On February 4th, COTAP received payment from CARS for $1,447.05. At our offsetting rate of $15/tonne, the donor is offsetting 96.47 tonnes to our partner projects, which will receive $217.06 each and $1,302.35 overall.

So, not only did this donor get rid of a car they no longer wanted/needed, they’ll also got a tax deduction (assuming they itemize!). Further, they’re addressing their unavoidable carbon emissions, helping to protect and restore landscapes all over the world, and creating income for rural communities.

Speaking of carbon emissions, the 96.47 tonnes offset compensates for 298.76% of the tailpipe carbon emissions generated by the donated car! Plugging the above 110,096 miles and 30 mpg (For mpg, we Google the model/year) into our calculator yielded 32.29 tonnes. In this example, the car donation is not only negating the tailpipe emissions for the original owner, but it’s also likely negating the tailpipe emissions for the remaining life of the car.

Case Study #2


On June 7th, 2020, a donor from Atlanta, Georgia called the above number and pledged to donate a 2013 Buick Encore with 190,879 miles on it. They stipulated that the net proceeds go towards offsetting with our Uganda partner project – Trees for Global Benefits. The car was picked up on June 10th and on June 18th it was sold at auction for $3,200. Selling expenses were $70 for towing, $50 for auction fees, and $2.78 misc. That left $3,077.22, 30% of which CARS charges as its fee.

On July 2nd, COTAP received payment from CARS for $2,154.05. At our offsetting rate of $15/tonne, the donor is offsetting 143.603 tonnes to our partner project in Uganda, which will receive $1,938.65.

The 143.603 tonnes offset more than compensates for the carbon emissions generated by the donated car. Plugging the above 190,879 miles and 25 mpg into our calculator yielded 67.18 tonnes. Again, this donation is negating the original owner’s tailpipe emissions as well as the tailpipe emissions for the remaining life of the car.

Case Study #3


On May 31st, 2020, a donor from Glendale, Arizona pledged to donate a 2012 Ford Focus SE with 168,537 miles on it. They chose for the net proceeds go towards offsetting evenly across all COTAP projects. The car was picked up on July 6th and on August 22nd it was sold at auction for $2,400. Selling expenses for towing, auction, and DMV fees etc. totaled $145.78, which left $2,254.22, 30% of which CARS charges as its fee.

On September 17th, COTAP received payment from CARS for $1,577.95. At our offsetting rate of $15/tonne, this donor is evenly offsetting 105.197 tonnes across all of our partner projects in Nicaragua, Uganda, India, Fiji, Indonesia, and Mexico. That’s 17.53 tonnes and $236.69 per project.

As in the first case study, the donor got rid of an unwanted car, got a tax deduction, and addressed their unavoidable emissions. What’s different this time is that they are not just protecting/restoring forests and empowering rural communities in Uganda… they’re creating those benefits all over the planet! Neither approach (one project vs. all projects) is better than the other, it’s just the donor’s preference on whether they want to focus their impacts in one region vs. “spreading the love.”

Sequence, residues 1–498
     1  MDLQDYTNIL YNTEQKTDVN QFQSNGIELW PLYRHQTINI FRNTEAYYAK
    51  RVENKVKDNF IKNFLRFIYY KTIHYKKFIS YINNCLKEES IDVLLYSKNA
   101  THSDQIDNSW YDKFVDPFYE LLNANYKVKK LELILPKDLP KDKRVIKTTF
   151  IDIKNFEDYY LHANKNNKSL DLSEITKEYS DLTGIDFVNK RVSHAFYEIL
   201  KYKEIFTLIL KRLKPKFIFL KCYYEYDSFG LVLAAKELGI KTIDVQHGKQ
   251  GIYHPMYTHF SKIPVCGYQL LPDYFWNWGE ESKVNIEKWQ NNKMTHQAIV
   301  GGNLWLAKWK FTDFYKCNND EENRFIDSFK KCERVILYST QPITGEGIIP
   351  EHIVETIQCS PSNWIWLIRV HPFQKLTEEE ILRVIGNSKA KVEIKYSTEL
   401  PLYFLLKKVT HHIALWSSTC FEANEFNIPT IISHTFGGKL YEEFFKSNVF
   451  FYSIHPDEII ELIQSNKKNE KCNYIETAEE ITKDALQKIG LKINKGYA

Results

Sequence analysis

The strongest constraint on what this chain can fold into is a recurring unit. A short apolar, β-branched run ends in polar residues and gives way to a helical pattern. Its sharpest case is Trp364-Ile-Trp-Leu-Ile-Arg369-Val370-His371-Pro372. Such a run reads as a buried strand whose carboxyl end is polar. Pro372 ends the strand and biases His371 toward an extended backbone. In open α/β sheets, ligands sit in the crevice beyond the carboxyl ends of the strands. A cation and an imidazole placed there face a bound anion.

So, did this car donation offset fully compensate for 168,537 miles driven in a 2012 Ford Focus SE? We used 26 mpg, which is the lower end of the car’s fuel efficiency rating. The result? 57.03 tonnes. Similar to the first case study, this donation is not only compensating for the car’s tailpipe emissions for the original owner, but also for the tailpipe emissions for the remaining life of the car.

Case Study #4


On August 21st, 2020, a donor from Garden City, New York pledged to donate a 2005 Lexus RX 330 with 165,000 miles on it. They chose for the net proceeds go towards offsetting evenly across all COTAP projects. The car was picked up on August 25th and on October 27th it was sold at auction for $3,550. Selling expenses for towing, auction, and DMV fees etc. totaled $162.78, which left $3,387.22, 30% of which CARS charges as its fee.

On November 5th, COTAP received payment from CARS for $2,371.05. At our offsetting rate of $15/tonne, this donor is evenly offsetting 158.07 tonnes across all of our partner projects in Nicaragua, Uganda, India, Fiji, Indonesia, and Mexico. That’s 26.345 tonnes and $355.66 per project! Using the car’s average mpg rating of 22 miles per gallon, this car’s tailpipe emissions (from the original owner’s 165,000 miles) were 65.99 tonnes of CO2. By donating this car, the original owner compensated for 239.5% of the tailpipe emissions generated by driving it 165k miles.

In Summary…


The donor, CARS, COTAP, and our partner projects all come out ahead significantly and in ways that would not be possible without this very unique, meaningful, and symbiotic partnership!

Introducing 3 New Projects in Mexico, Fiji, & Indonesia…

September 30th, 2020

Now when you offset your unavoidable CO2 emissions through COTAP, you’re enhancing landscapes and livelihoods in 6 countries: Nicaragua, Uganda, India, Mexico, Indonesia, and Fiji!


Chiapas, Mexico


Dating back to a pilot programme in 1994, Cooperativa AMBIO’s Scolel’te project is the longest-running ecosystem services project in the world. Scolel’te, which means “the tree that grows” in Mayan Tzeltal language, was the very first project registered under the Plan Vivo carbon standard. Spanning 9,150 hectares of restored and protected forests, Scolel’te has achieved projected carbon benefits of 550,331 tonnes and generated $1,017,945.80 for approximately 2,500 participating households. You can offset your CO2 through this project here.


Jambi, Indonesia


Coordinated by Komunitas Konservasi Indonesia (KKI) WARSI, the Bujang Raba Community PES (Payments for Ecosystem Services) project, conserves endangered primary rainforest in Sumatra’s Bukti Barisan forest through an avoided deforestation intervention programme, also referred to as REDD+. The project involves 5 indigenous communities in protecting tropical mountainous forests. Since 2016, 934 households have protected 5,339 hectares, verifiably preventing 227,460 tonnes of CO2 emissions. You can offset your CO2 through this project here.


Vanua Levu, Fiji


Through 2019, the Drawa Rainforest Conservation project has created $283,063.32 in income for approximately 120 inland village households in Vanua Levu, Fiji. Managed by the Nakau Programme and operational since 2018, Drawa protects 4,120 ha of tropical rainforest and prevents the emissions of 18,800 tonnes of CO2 per year. Drawa is owned by the indigenous Fjiian landowners, comprising approximately 450 people across five villages. You can offset your CO2 through this project here.